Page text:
Zoe Kilpatrick, Commercial Director at Glasgow Prestwick Airport said, “We are delighted to see the next stage of the Prestwick Spaceport being developed. We are building an industry in Ayrshire which will create jobs and investment for years to come. 2022 will see further developments as we partner with more organisations to grow and expand our space capabilities here at Glasgow Prestwick Airport. It is a very exciting time to be involved with the project and I look forward to seeing progress made over the coming months as we approach our first launch in 2023.”

The public will be invited to find out more about the Spaceport planning application, ask any questions about the proposed development and give their views at public consultation events to be held in February and March.

Further details will be made available in advance of these public consultations. The Aerospace and Space project is being funded with £32 million from the UK Government, £30 million from the Scottish Government, and £18 million from South Ayrshire Council as part of the £251 million Ayrshire Growth Deal – a ten year investment program jointly funded by the UK and Scottish governments and local authorities.

Virgin Orbit’s Latest Mission Successfully Reaches Above The Clouds With Seven Satellites

Virgin Orbit (Nasdaq: VORB) successfully deployed into orbit all seven customer satellites onboard the company’s LauncherOne rocket during the Above the Clouds mission.

Virgin Orbit’s 747 carrier aircraft Cosmic Girl took off from Mojave Air and Space Port on February 13th at approximately 1:39 PM PST/09:39 PM UTC and flew to a launch site over the Pacific Ocean, about 50 miles south of the Channel Islands.

After a smooth release from the aircraft, the LauncherOne rocket ignited and propelled itself toward space, deploying its payload into a precise target orbit approximately 500 km. above the Earth’s surface at 45 degrees inclination. This is the first time that anyone has reached this orbit from the West Coast.

Virgin Orbit ‘s LauncherOne rocket separates from the 747
carrier aircraft, Cosmic Girl, and the Above The Clouds
Mission is underway.

The launch was the company’s third successful flight, occurring less than one year from its first mission. Virgin Orbit has now successfully delivered commercial, government, international, and national security satellites to space, including new Above the Clouds customer Spire Global, Inc. (NYSE: SPIR), and first ever repeat customers: the U.S. Department of Defense Space Test Program and Polish company SatRevolution.

This launch was awarded to Virgin Orbit through its subsidiary VOX Space by the DoD’s Defense Innovation Unit (DIU) as part of the DoD Space Test Program’s (STP) Rapid Agile Launch (RALI) Initiative.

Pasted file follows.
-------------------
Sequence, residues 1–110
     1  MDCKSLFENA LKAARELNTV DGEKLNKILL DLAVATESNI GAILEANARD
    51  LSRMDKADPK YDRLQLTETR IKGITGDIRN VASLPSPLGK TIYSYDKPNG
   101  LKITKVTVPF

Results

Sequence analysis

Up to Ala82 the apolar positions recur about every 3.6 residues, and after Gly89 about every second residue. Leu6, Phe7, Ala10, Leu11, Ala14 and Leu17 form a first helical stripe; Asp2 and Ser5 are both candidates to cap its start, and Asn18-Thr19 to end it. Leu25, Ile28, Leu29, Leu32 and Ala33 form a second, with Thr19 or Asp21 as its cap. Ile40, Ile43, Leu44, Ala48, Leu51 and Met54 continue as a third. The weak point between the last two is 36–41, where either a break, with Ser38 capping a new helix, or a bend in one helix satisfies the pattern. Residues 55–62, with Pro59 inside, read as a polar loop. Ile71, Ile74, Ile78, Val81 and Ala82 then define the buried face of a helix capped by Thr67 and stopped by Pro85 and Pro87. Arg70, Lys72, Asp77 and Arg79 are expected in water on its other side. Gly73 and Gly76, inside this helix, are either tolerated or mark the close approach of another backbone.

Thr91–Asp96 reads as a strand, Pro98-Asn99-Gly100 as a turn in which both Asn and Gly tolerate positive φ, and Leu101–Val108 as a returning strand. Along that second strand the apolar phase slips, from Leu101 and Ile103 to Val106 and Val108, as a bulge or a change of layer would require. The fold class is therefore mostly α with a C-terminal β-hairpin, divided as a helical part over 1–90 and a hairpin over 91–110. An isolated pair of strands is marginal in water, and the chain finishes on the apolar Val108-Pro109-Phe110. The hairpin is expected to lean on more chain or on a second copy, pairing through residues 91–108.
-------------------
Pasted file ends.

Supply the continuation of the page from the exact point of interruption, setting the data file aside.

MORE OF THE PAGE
The satellites launched on the company’s latest mission include experiments in space-based communications, space debris detection, and in-space navigation and propulsion, as well as satellites that will serve the global agricultural sector. The launch brings the total satellites launched by Virgin Orbit to 26 in number.

Due to the unique air-launch system Virgin Orbit has developed, the Above the Clouds mission was launched in an orbit never before directly accessible from the West Coast of the Americas. Rather than launching from a fixed pad on the ground, Virgin Orbit conducts its launches from under the wing of a modified 747 aircraft. By flying the aircraft further out over the ocean, the company was able to launch on a trajectory no ground-launch rocket could have achieved. That direct injection into the target orbit

saved the satellites onboard this mission months of time and kilograms of fuel they might have otherwise spent correcting their orbit from what a landlocked launch site could provide them.

Our customers are starting to hear back from their satellites that are checking in from orbit — and for us, that’s what success looks like. It’s a thrill for our team that this mission included our first repeat customers as well as our first ‘last minute ticket’ customers and reached an orbit that no one had ever reached from the West Coast before, all of which confirms the team’s ability to provide top tier launch service anywhere, anytime,” said Virgin Orbit CEO,  Dan Hart. “On top of that, we flew through weather and a cloud layer that would have grounded any other launch I’ve worked on in my career, something only made possible by air-launch and our incredible team. We can say with confidence that in this new era of regular, frequent, successful missions, we can help our customers and partners use space technology to advance human knowledge and open space for good.

This accomplishment today really shows the future of space launch capabilities, something that is of paramount importance to national security,” said VOX Space President, Mark Baird, a retired U.S. Air Force Brigadier General. “We have the ability to launch anywhere, anytime and unwarned, which allows us to customize the launches to serve a government’s mission and goals, allowing us to be better mission partners in their space operations.”

What an unforgettable experience to watch the Virgin Orbit team complete another perfect mission to space. I could not be prouder of the work they are doing. I am beaming alongside them,” said Virgin Orbit founder, Sir Richard Branson. “We supported experimental, important work for our three happy customers today. I congratulate them and our wonderful team.